From an Enterprise view point there will be risks that also change with time. The risk view being typically from an external standpoint but also from an internal one. But each view will be based on the same benchmark or reference stick. Ie where you see the market and industry today.

Business Risk Universe

Here time horizon would be one to three years. This means that some plants will be sold and others acquired. The products being made by each site will change and investments will be made, or not, making the age of the assets important.


But the world is also changing. Some companies come and others go. Some are at the leading edge and others make commodities. Looking at each company separately then this influence on the whole is relatively small. Its only when a massive global shock occurs that you can see the last layer. Where risk managers need to be thinking and advising.

As each individual enterprise makes up the plethora of business sectors, and each business sector forms the business world we call “ market” then you can see that its actually more than “the economy”, or “the market”. Lets call it “Matrix” for want a better word.

Sector Transformation Risk Dynamics

Each enterprise adds change, a direction, a velocity to this matrix. The ability to advise directors and boards on how fast this is moving and the opportunities that it can provide is what the risk managers role is. It will give direction to the company, help frame the company objectives, define a strategy.

Putting this into a more visual perspective. The future sector transformation into a smaller, more specific, set of products means that even though the company is still within the sphere of influence one plant is fighting to stay alive. Its product range is being phased out and it will need to review its cost structure to remain competitive. In fact, the whole company will need to conduct a 360° review as certain product lines are running the risk of being obsolete very soon. The plant with a more innovative focus is still able to capture markets and remain competitive.

The competitor, who was less innovative, already having issues with its traditional cost structure has now lost the complete market and was not able to change fast enough. It did not see the market transformation and assumed that its products would remain viable. Business as usual.

When you overlay the industry 4.0 graphic over the typical company risk profile graphic you see that it is crucial to capture the opportunities and innovation to move forwards.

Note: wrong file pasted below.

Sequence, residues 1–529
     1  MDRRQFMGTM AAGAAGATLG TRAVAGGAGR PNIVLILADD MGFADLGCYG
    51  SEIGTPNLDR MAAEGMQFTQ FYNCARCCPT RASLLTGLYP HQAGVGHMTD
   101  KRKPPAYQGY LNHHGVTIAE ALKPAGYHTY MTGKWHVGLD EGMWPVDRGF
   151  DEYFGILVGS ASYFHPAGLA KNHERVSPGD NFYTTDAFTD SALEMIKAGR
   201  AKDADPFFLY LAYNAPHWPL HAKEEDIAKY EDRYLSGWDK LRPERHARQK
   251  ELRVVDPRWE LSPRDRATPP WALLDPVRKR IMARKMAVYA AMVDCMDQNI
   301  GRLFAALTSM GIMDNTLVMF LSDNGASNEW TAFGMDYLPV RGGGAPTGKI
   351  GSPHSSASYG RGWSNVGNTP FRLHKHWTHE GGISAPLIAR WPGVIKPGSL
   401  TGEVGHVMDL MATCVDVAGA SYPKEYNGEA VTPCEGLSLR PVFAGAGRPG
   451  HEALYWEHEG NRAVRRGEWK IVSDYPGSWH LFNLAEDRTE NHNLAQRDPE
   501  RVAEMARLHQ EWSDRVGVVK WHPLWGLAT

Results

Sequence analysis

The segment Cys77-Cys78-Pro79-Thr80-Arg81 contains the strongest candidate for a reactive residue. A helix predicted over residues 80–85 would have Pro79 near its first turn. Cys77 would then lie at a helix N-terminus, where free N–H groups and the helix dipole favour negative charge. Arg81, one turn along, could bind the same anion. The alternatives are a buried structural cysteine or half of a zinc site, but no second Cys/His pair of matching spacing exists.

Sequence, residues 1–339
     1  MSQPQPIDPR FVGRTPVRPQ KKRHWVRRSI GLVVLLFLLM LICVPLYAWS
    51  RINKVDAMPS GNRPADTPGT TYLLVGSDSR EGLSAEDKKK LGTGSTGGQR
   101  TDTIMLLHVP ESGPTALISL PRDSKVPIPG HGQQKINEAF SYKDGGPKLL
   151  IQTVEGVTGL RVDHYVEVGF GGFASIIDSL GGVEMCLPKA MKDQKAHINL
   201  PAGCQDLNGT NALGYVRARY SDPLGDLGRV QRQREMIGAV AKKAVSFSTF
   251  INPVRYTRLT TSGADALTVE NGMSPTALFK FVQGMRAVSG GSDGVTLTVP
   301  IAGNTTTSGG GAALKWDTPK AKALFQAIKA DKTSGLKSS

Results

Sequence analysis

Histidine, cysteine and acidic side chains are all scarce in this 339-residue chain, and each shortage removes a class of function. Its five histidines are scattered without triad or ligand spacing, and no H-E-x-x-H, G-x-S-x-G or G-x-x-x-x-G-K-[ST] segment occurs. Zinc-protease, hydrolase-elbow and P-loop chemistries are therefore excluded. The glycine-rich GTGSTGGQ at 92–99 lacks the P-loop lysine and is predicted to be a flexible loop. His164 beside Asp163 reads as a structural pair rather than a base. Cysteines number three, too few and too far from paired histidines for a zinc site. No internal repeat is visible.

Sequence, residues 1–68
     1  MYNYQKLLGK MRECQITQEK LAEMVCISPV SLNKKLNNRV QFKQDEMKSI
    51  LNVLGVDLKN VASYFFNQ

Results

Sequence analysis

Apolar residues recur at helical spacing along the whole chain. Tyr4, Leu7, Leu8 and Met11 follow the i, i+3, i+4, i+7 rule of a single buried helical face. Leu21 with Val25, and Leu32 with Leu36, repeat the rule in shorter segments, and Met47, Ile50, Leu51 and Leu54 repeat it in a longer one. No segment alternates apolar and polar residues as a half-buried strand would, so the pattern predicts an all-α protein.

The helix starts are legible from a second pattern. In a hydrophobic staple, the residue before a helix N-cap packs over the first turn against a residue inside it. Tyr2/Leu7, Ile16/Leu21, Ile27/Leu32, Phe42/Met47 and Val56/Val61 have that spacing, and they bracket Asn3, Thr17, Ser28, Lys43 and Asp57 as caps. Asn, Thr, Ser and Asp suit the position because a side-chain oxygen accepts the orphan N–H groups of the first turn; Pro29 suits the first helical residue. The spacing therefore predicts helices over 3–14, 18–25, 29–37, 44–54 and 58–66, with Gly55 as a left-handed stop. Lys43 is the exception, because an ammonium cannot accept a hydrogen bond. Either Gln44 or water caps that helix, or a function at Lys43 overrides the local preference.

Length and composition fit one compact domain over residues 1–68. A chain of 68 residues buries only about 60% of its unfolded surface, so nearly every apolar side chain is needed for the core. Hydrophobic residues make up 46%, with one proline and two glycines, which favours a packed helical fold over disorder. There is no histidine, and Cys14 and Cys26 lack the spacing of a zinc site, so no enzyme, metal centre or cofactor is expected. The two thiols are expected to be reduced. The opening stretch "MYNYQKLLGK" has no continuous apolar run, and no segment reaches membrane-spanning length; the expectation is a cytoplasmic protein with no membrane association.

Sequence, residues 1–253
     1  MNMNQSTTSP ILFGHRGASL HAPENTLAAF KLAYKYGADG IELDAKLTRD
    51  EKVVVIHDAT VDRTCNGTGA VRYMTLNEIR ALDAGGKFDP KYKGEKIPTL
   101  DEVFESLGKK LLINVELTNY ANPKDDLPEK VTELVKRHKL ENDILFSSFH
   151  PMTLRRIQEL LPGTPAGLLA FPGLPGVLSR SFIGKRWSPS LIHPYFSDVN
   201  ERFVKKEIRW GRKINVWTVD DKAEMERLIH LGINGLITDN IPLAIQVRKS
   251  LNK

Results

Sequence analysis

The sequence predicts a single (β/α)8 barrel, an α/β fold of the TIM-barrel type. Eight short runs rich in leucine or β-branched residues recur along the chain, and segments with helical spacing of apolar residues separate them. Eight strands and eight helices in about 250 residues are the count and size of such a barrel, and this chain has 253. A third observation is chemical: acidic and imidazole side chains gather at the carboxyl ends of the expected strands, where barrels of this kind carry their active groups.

The current pandemic has moved this timeline forwards globally rather than by individual companies making small changes. The influence of one company failing is not noticed in this matrix. When a sector is lost or moved you might not see that either. But today, with the current pandemic, you see the total change.

Each company should now conduct a 360° review on where its going and where it needs to be.

Appetite change

The key to staying in the transformed business sector of choice, or even being able to move from one sector to another, relies on flexibility, agility and having the business model to be able to take risk. One that is robust and resilient.

3 Dimensional Risk Appetite

This means, for short periods of time, a company needs to go beyond its traditional risk appetite and tolerance level in order to capture new markets. Change its traditional business sector. Clearly this risk level needs to be managed but it needs a control framework that is flexible enough to allow change to take place. It implies that for short periods of time the audit function will be playing catch up as it tries to formulate the needed control structure to handle this changing world. Its here were the risk culture plays a significant role. If correctly setup then the ability to make informed decisions, that take the company forwards can be made without the strict adherence to ridged guidelines. The risk culture is what keeps people honest.

The risk of having to rigid a control framework is that it can hinder innovation and change. The opportunistic control framework will look different to the risk control framework and this needs to be taken into consideration.

Passionate Risk Manager. Accomplished thought leader with more than three decades of industrial and financial experience. Visionary and functional Opportunity Strategist. Doing things right ... but differently.